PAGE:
Asymmetry arises in physics in a number of different realms.
Thermodynamicsis asymmetrical in time: the entropyin a closed system can only increase with time. A consequence of this is Clausius' Second Law, which states that there is no thermodynamic process whose sole effect is to extract a quantity of heat from a colder reservoir and deliver it to a hotter reservoir.
Symmetry is one of the most powerful tools in
particle physics, because it has become evident that practically all laws of nature originate in symmetries. Violations of symmetry therefore present theoretical and experimental puzzles that lead to a deeper understanding of nature. Asymmetries in experimental measurements also provide powerful handles that are often relatively free from background or systematic uncertainties.
Until the 1950s, it was believed that fundamental physics was left-right symmetric; i.e., that interactions were invariant under parity. Although parity is conserved in
electromagnetism, strong interactionsand gravity, it turns out to be violated in weak interactions. The Standard Modelincorporates parity violation by expressing the weak interaction as a chiral gauge interaction. Only the left-handed components of particles and right-handed components of antiparticles participate in weak interactions in the Standard Model. A consequence of parity violation in particle physics is that neutrinoshave only been observed as left-handed particles (and antineutrinos as right-handed particles).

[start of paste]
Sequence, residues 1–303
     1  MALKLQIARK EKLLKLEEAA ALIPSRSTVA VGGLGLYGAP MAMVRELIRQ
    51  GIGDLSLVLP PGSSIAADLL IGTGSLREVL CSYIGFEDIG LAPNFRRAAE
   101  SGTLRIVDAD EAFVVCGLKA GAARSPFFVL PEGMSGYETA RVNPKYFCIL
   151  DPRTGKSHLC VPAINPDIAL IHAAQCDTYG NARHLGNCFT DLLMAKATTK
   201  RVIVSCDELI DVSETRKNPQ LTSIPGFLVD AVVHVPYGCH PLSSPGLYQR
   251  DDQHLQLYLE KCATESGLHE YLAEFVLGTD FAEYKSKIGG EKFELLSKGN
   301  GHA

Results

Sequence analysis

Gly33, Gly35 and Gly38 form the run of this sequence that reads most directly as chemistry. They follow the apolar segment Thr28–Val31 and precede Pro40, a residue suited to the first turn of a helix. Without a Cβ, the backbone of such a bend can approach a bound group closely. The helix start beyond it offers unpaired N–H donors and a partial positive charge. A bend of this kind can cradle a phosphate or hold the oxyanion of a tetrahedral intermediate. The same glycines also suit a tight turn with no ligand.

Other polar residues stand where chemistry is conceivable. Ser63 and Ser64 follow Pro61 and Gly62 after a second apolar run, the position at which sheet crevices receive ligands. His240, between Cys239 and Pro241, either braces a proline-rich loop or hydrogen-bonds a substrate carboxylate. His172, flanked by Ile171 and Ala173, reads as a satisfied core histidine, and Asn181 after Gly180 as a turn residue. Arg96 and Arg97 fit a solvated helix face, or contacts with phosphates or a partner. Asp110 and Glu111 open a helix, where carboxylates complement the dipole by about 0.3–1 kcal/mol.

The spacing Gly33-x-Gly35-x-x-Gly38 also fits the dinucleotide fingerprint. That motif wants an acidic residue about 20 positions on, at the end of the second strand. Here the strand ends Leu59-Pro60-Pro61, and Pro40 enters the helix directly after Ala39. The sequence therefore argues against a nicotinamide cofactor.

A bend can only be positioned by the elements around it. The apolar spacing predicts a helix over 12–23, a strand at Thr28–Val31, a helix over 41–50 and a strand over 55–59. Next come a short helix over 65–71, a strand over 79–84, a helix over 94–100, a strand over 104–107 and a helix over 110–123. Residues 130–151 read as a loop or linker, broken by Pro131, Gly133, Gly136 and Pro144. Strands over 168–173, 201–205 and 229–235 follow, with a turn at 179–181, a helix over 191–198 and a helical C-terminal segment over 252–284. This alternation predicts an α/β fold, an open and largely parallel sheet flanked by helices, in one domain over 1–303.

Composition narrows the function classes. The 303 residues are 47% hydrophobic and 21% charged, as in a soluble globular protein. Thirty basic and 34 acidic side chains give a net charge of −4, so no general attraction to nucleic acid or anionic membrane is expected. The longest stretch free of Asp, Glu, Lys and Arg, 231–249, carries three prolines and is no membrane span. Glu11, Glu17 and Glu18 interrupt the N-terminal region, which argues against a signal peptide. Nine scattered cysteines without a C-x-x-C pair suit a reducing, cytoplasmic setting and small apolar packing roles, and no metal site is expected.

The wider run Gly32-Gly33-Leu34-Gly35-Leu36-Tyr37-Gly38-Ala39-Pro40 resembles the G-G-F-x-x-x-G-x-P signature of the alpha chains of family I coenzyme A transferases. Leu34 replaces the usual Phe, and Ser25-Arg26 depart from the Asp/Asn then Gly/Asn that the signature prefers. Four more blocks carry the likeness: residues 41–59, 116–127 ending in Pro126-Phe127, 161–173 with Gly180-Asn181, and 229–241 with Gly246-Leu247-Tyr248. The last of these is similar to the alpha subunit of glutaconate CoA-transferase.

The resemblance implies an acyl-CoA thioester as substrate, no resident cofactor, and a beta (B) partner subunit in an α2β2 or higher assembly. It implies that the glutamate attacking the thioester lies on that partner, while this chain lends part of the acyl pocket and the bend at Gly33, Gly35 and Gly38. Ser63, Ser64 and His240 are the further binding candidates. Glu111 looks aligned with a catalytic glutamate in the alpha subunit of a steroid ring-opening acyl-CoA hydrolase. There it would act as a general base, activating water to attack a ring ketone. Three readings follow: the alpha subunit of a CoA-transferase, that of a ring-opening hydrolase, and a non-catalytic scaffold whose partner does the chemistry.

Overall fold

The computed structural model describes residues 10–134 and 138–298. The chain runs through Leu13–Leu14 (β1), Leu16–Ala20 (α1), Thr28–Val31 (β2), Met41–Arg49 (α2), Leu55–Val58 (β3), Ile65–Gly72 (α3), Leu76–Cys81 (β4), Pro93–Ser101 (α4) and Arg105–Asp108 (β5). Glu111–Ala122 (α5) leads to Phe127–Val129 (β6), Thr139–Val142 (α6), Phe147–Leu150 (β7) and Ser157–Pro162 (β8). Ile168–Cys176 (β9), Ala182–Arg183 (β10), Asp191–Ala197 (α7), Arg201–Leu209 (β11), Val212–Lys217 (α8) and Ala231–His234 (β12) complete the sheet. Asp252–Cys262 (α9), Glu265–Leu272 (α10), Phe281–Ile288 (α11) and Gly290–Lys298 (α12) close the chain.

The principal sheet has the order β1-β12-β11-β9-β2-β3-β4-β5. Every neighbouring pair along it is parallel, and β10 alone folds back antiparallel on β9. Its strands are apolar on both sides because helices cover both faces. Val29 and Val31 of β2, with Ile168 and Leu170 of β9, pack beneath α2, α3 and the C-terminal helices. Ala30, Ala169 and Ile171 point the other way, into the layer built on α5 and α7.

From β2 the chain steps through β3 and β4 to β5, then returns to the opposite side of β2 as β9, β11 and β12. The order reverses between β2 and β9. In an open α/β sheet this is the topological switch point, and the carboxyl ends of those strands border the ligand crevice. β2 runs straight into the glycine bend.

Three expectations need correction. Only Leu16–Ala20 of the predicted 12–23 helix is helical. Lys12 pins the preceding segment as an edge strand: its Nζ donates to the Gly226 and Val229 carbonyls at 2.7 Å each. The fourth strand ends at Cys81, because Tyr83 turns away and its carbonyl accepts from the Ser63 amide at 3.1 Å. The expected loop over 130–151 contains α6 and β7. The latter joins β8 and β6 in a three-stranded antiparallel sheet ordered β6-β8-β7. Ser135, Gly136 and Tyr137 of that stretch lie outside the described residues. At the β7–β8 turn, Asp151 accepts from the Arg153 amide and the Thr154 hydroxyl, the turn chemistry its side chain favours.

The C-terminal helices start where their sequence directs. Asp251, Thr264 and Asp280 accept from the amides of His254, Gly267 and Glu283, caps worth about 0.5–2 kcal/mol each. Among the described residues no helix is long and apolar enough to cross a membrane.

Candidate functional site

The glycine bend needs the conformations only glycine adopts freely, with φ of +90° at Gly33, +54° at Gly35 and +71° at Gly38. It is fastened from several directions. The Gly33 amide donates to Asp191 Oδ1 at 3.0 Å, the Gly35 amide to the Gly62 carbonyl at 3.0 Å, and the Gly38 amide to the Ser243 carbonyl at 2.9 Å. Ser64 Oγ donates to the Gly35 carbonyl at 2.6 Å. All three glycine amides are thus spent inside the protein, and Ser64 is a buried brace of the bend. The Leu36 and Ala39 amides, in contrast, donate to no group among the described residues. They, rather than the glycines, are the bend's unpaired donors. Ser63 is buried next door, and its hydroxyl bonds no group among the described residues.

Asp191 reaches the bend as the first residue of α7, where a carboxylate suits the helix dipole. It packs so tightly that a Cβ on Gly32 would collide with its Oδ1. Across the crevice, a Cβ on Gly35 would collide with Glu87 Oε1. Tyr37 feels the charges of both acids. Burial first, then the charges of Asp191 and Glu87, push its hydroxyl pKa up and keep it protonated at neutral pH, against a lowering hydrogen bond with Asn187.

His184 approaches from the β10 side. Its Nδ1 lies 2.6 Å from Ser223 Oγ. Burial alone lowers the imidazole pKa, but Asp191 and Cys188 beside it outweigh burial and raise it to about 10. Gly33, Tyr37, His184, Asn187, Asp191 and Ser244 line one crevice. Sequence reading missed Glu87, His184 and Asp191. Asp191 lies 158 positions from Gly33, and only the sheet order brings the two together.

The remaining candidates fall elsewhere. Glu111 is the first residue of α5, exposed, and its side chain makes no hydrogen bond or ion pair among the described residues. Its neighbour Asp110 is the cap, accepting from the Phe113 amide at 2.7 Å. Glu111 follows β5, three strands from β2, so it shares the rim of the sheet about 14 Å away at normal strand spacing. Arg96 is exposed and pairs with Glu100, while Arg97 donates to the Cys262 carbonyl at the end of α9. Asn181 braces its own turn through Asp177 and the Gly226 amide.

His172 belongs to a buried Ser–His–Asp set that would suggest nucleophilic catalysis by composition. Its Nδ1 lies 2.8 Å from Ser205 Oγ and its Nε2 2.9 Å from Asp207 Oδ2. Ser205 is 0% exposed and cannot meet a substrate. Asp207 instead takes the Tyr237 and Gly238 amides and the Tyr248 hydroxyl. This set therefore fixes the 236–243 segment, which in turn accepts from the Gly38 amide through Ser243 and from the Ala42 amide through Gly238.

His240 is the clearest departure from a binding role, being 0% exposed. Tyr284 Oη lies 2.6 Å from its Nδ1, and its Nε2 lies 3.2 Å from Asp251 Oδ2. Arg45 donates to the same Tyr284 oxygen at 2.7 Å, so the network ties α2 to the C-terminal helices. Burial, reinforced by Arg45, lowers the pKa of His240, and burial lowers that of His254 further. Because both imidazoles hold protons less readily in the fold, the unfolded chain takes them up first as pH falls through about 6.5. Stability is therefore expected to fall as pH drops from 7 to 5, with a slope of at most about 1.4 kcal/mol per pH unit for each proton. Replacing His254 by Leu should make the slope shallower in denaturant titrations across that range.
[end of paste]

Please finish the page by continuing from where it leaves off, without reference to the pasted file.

Chien-Shiung Wu, E. Ambler, R. W. Hayward, D. D. Hoppes, and R. P. Hudson found a clear violation of parity conservation in the beta decay of cobalt-60. Simultaneously, R. L. Garwin, Leon Lederman, and R. Weinrich modified an existing cyclotron experiment and immediately verified parity violation.
After the discovery of the violation of parity in 1956-57, it was believed that the combined symmetry of parity (P) and simultaneous
charge conjugation(C), called "CP", was preserved. For example, CP transforms a left-handed neutrino into a right-handed antineutrino. In 1964, however, James Croninand Val Fitchprovided clear evidence that CP symmetry was also violated in an experiment with neutral kaons.
CP violation is one of the necessary conditions for the generation of a baryon asymmetry in the universe.
Combining the CP symmetry with simultaneous time reversal (T) produces a combined symmetry called